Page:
Unlike the Telecaster, the Strat has three separate single coil pickups. The benefit of having three pickups is the versatility of the sound.

Having a pickup below the bridge, middle, and neck allows you to select between 5 different pickup configurations with the switch.

The Strat comes with the whammy bar as stock, making this guitar a dream machine for a lead guitarist. 

Some famous artists who used this instrument include David Gilmour and Stevie Ray Vaughn. However, most notably has to be Jimi Hendrix.

Hendrix pushed this instrument to the limits, used the whammy, and utilized both cutaways in his performance.

Hendrix was also known for trashing his instruments on stage which wasn’t an issue for Stratocasters.

They are lightweight, and each piece can be unbolted, allowing you to repair these guitars easily. Look no further if you’re looking for a guitar to throw around on stage! 


A variation of this guitar that has become popular is the Superstart.

Compared to the three single coil pickups on the Stratocaster, this guitar has humbucker pickups at the neck and bridge and a single coil pickup in the middle of the strings.

This allows the Superstrat to produce a more aggressive and sustained tone, making it the ideal instrument for metal and heavy rock performers.

The Superstrat often has a longer neck, offering more range for lead guitarists. 


4. Offset Guitars 

These sets of guitars have one thing in common, which is their offset body shape.

This particular body shape was first introduced by Fender in the mid-late 50s as the Duo-Sonic but has since become popular by the Mustang, Jazzmaster, and Jaguar.

Their distinct shape and tone have made this form of guitar popular in the indie-rock genre. 

These types of electric guitars, however, all have their individual characteristics and style. The Jazzmaster has a longer neck than the other 2, making it heavier in design.

Regarding pickup configuration, the Jazzmaster comes with single coil “Soap-box” style pickups, the Mustang has two angled single coil picks, and the Jaguar comes with a combination of both humbucker and a single coil.

However, the Jazzmaster is the only one with a 3-way pickup system, whereas the Mustang and Jaguar have 2-way on-off switches.

As you might expect, the Jazzmaster is more versatile with a warmer tone and can perform better under high gain.

In comparison, the Jaguar and Mustang provide a brighter, thinner tone. 

Comparing scale length and frets of Mustang vs Jazzmaster vs Jaguar:

  • The Mustang features a 22-fret, 24-inch scale length
  • The Jaguar features a 22 fret, 24-inch scale length
  • The Jazzmaster features 21 medium-jumbo frets, and a 25.5-inch scale length

5. SG 

Gibson invented the SG shape in 1961, which has since been replicated by companies such as Epiphone.

The sharp cut-away body design paired with Gibson’s classic headstock made this a very polarising guitar design for the time.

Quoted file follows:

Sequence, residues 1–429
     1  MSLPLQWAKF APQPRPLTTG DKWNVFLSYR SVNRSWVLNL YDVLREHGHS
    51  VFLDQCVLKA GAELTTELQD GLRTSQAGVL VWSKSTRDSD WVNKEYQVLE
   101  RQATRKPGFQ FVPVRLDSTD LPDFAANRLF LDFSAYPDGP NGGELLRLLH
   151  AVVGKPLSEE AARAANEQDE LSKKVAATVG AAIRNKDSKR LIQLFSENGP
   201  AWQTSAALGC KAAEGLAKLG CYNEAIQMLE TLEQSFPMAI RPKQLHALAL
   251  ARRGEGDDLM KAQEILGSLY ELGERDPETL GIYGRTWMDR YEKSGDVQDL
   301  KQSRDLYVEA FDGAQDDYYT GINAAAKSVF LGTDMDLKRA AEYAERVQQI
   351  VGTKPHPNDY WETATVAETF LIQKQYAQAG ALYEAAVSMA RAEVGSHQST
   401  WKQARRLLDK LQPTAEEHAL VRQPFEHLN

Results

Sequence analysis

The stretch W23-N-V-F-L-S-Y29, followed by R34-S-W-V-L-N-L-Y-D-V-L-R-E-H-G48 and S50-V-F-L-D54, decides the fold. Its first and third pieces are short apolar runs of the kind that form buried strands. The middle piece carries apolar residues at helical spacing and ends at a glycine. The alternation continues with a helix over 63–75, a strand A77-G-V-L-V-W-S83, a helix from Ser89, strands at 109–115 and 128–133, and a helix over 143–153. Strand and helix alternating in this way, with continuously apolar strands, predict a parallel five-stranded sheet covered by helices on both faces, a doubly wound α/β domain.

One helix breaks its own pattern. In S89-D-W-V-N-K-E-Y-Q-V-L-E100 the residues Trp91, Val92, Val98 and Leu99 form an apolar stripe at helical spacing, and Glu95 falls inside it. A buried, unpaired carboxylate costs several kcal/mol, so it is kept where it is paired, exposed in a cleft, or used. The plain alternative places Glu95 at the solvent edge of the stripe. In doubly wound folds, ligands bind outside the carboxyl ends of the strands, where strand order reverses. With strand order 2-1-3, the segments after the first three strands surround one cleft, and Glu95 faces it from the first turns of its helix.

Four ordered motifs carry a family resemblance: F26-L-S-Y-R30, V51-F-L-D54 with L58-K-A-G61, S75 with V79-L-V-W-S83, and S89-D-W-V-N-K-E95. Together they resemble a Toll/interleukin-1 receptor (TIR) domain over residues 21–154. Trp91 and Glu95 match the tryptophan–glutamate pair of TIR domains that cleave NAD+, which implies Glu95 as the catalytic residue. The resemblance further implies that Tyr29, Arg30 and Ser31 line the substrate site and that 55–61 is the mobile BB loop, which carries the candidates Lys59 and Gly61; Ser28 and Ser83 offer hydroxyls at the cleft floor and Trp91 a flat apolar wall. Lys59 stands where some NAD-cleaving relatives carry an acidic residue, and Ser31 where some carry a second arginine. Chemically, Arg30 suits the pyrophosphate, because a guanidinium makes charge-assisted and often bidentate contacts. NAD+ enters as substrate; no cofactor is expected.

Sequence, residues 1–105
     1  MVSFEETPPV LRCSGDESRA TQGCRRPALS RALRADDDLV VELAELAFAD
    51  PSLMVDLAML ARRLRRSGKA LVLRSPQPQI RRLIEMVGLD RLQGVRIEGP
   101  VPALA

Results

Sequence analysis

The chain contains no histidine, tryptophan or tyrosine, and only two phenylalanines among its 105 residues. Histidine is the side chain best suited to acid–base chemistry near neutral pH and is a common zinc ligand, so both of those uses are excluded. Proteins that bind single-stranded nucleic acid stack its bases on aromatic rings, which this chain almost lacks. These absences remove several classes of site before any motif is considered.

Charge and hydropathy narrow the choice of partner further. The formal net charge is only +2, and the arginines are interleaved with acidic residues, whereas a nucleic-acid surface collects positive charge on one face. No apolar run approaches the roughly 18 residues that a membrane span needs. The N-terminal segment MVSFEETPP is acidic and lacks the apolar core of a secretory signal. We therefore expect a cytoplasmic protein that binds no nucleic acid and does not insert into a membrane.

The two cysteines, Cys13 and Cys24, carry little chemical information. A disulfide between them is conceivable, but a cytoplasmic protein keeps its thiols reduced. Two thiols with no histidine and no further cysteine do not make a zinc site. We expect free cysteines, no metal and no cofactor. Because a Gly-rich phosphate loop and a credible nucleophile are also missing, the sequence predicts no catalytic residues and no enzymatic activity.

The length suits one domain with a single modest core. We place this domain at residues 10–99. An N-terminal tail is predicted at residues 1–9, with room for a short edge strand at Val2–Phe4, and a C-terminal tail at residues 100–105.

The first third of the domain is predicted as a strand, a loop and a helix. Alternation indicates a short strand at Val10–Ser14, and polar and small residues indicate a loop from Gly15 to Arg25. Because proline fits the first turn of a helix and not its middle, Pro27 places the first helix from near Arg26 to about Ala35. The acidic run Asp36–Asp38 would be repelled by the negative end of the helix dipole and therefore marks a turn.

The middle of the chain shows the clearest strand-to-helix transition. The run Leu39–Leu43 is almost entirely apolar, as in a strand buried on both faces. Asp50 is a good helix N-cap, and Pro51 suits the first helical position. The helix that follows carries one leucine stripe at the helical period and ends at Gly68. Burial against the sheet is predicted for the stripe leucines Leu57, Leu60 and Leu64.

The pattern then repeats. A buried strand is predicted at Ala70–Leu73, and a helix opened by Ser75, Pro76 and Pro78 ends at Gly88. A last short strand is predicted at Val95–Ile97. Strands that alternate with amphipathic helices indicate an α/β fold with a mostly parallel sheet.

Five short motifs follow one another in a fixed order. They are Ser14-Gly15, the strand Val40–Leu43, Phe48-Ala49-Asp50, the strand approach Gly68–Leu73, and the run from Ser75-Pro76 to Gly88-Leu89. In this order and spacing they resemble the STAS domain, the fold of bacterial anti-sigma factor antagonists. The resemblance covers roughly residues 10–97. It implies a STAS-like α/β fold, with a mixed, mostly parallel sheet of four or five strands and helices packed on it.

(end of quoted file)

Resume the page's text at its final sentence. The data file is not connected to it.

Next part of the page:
Current Gibson SG models use unbalanced Burstbucker pickups, allowing the guitar to produce a punchy and gritty tone. The body and neck of the guitar are made of mahogany tonewood.

Also, having a slim neck makes this a very light and easy guitar to play, being able to move around the fretboard with ease.

Gibson also boasts about their Tune-O-Matic bridge and Grove tuners, which helps maintain your tuning even when playing aggressively and bending the strings.

Paired with the lightweight frame, makes the instrument an excellent choice for live performance. 

One artist who put this guitar on center stage and fully used its capability is Angus Young of ACDC.

The guitar’s design and the devil-horned aesthetic of the band made this guitar a quintessential part of their look.

Furthermore, the heavily distorted tone produced by the guitar made this the stapling instrument in ACDC’s sound.

6. Flying V

Released in 1958, the flying V became popular during the rise of metal music. Both the Gibson Flying V and Explorer are very similar in terms of their setup to an SG; however, they used balanced humbuckers, which produce a similar sound and a warm, less aggressive tone.

The primary difference is the body shape, characterized by the distinct V-like shape and the offset star-like shape of the Explorer (next on our list).

Metalica’s James Hetfield was often seen, and sometimes still is, with a flying V guitar. Their iconic shape has a place in guitaring history; however, compared to something like an SG that is far more comfortable to play, it’s hard to recommend a guitar like this in today’s era.

There’s something about the long hair and flying V that did go hand in hand. However, I think some things are better off left in the 80s (feel free to disagree with me in the comments).

7. Explorer

The Explorer is another iconic guitar type invented the same year as the Flying V. Gibson was on a roll with these “statement” guitars, but sales suggest that the Flying V was the more popular of the two.

Gibson Explorers sport a prominent ‘tail-fin’ design. Interestingly, the designer, Ted McCarty, was heavily inspired by 1950s automobiles like Cadillacs and Chryslers, which explains the design style.

Construction-wise the originals are made of Korina, a type of tonewood; however, later reissues began mainly using mahogany.

Notably, only 22 were shipped back in 1958, and 3 in 1959. The extremely limited runs of the Explorer and Flying Vs helped catalyze their legendary status.

Expect any originals found on second-hand marketplaces to fetch ridiculously high prices.

8. Electro-Acoustic

An electro-acoustic is precisely as it sounds, and it is an acoustic guitar with the option of outputting to an amplifier.